Review / Throwback Review


by Erica Noboa
From the December 2015 IssueElf3As Santa Claus (Edward Asner) makes his annual trip to deliver presents on Christmas Eve, he stops at a Catholic orphanage. Unbeknownst to Mr. Claus, an infant resident crawls into his toy sack and is whisked away to the North Pole. Upon realizing his accidental kidnapping, Santa and his elves unanimously agree to raise the orphan baby as one of their own. As the human named Buddy (Will Ferrell) is brought up in the elves’ foreign lifestyle, he acquires toy-making skills and learns the importance of Christmas, as well as how to maintain a positive outlook on everything. Even when he grows into an adult that towers over the elves, Buddy remains completely oblivious to his unavoidable humanness, but receives a rude awakening when he overhears two of his elf colleagues gossiping about his heritage.

Instantly, Buddy knows that he must leave the North Pole and venture out into the human world to find his biological parents. When asked, his adoptive dad explains that his mother passed away long ago and his father (James Caan) never knew that he was even born. Giving Buddy a snow globe of New York City, he informs his son that his biological father works inside the Empire State Building. With this information, the human elf sets out alone to the big city. Upon arrival, Buddy soon learns that his quest is much more complicated than he anticipated and comes into contact with numerous obstacles never found at the North Pole: Revolving doors. Elevators. Taxi cabs. The New York residents. Romantic attraction. And his father.

Elf highlights the importance of fatherhood and family bonding. With a protagonist that has a heart as big as the Arctic North—one who is innocent, compassionate and optimistic—it’s hard not to root for Buddy in his quest to gain his estranged father’s acceptance. The conflict of this story lies with said father, a curmudgeonly publisher named Walter (James Caan) who would be a top candidate for Santa’s naughty list. He’s an egotistical workaholic who cares more about making money than making his customers happy. Walter puts his profession before his family, alienating himself from his preteen son. The last thing this man wants to hear is that he has another son, let alone one that dresses as an elf and claims he’s from the North Pole. Walter’s faced with a huge decision: bond or reject his own flesh and blood. While his wife is very encouraging and compassionate about of the situation, Walter remains uncooperative and unwilling to accept Buddy as family. But by the film’s end, he is willing to quit his job and embrace the Christmas spirit in order to salvage his relationship with both of his sons.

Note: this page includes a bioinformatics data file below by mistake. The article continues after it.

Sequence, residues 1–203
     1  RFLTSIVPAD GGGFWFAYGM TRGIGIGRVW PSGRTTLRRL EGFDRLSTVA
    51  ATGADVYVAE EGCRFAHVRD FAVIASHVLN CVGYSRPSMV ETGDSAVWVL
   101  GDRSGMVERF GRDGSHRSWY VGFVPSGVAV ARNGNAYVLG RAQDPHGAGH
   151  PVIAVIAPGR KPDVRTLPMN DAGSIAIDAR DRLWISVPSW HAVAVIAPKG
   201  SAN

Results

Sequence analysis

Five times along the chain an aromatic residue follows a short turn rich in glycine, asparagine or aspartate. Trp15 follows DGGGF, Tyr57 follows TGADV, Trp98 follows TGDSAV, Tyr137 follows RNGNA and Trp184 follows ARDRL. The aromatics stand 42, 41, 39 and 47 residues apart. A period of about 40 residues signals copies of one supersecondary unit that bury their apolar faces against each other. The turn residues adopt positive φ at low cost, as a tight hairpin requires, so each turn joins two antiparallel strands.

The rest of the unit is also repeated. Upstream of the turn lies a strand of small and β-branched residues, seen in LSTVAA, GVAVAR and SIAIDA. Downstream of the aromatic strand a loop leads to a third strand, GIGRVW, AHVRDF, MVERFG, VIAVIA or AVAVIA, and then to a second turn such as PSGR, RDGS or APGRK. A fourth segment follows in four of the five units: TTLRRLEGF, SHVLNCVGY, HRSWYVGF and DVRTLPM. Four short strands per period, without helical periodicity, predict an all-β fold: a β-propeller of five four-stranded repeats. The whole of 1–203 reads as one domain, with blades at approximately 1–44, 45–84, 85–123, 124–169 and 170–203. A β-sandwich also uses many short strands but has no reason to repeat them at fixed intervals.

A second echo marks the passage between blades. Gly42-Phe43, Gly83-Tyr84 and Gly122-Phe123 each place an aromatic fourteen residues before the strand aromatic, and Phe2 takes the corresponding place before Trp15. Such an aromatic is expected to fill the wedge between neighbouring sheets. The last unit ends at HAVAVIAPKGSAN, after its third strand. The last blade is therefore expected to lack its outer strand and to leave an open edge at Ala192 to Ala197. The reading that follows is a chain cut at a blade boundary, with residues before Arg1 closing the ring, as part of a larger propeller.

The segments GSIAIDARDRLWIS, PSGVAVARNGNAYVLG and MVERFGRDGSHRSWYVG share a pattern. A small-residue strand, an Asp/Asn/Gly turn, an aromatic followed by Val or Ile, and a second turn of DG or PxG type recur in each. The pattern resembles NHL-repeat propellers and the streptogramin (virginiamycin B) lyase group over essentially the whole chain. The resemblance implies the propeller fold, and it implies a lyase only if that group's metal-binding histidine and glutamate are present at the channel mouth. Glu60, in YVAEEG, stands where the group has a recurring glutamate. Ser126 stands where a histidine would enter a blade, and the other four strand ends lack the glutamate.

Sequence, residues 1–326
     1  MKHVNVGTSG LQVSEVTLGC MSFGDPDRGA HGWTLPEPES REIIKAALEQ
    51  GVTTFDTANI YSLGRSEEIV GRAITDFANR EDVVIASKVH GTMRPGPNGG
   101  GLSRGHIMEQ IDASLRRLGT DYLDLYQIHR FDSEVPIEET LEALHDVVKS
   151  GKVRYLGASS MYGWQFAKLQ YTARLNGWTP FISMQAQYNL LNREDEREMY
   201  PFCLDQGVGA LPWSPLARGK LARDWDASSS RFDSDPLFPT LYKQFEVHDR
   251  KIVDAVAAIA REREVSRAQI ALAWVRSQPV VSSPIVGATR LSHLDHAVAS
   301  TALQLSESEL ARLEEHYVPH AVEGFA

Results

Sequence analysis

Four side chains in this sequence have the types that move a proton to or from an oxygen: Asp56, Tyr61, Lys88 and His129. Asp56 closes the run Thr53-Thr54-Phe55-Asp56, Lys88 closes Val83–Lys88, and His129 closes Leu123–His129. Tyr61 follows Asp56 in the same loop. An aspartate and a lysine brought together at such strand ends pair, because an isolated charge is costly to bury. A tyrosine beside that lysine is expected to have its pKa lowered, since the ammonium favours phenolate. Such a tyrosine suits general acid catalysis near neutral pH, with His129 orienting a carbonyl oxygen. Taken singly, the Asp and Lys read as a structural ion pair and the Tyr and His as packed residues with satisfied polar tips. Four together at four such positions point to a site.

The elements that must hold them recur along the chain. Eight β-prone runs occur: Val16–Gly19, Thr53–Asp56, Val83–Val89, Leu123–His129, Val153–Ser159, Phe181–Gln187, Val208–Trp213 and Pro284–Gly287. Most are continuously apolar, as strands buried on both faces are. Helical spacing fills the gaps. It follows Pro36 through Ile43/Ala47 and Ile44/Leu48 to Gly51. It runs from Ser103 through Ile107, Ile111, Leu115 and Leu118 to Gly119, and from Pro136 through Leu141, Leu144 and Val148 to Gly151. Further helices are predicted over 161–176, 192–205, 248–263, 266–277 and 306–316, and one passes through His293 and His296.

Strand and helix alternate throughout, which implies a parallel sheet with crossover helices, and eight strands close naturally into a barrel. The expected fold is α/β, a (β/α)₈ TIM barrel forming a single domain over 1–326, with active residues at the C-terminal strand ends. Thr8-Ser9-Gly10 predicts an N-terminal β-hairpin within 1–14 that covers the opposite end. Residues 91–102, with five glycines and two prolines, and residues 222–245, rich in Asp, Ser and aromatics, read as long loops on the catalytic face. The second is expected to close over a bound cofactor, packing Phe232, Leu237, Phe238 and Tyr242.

With a pure-heart and an adorable naiveté, Buddy finds love when he meets Jovie (Zooey Deschanel), a somber-looking young woman working at a department store. Their relationship has a rocky start when Buddy sneaks into the women’s bathroom, innocently harmonizing “Baby, It’s Cold Outside” as Jovie showers; however, with his elfish charms and only pure-intentions, she can’t help but fall for the strangely dressed man. Even though he is miles away from the North Pole, Buddy remains adamant about keep the Christmas spirit alive and thriving in a cynical New York. It is not until the end of the movie that Buddy is able to prove himself as a full-fledged elf. By helping Santa fly his sleigh and raising the Christmas morale for all New Yorkers with a little help from his family, Buddy finally finds a place for himself in a world that initially seemed to want nothing to do with him.

Directed by Jon Favreau, a seasoned actor who has also dabbled in screenwriting (Chef, Swingers), Elf is a charming family Christmas movie that spreads holiday joy—something recent Christmas films have been lacking. The movie succeeds due to its viscous good-hearted cheer that wildly overdoes it (to a hilarious degree). But a counterbalancing sense of restraint comes from a witty script by David Berenbaum, and also from the performances of two beloved old sitcom personalities—Ed Asner and Bob Newhart—as Santa and his “Papa Elf,” respectively. The responsibility for the overdone quality belongs to the oafishly adept Will Ferrell. Favreau’s direction has a relaxed, swinging rhythm to it, which reflects his acting style and while the big, chaotic scenes sometimes lack polish and precision. Elf happily forgoes the slick, hyper-active aggression that makes so many live-action holiday comedies so exhausting.

This movie is an instant Christmas classic that highlights the importance of family and wants its younger audience to walk away with the knowledge that being odd is nothing to be ashamed of: It only makes you unique.

4 out of 5 stars

One thought on “Elf

  1. Pingback: Elf – JaneMoe

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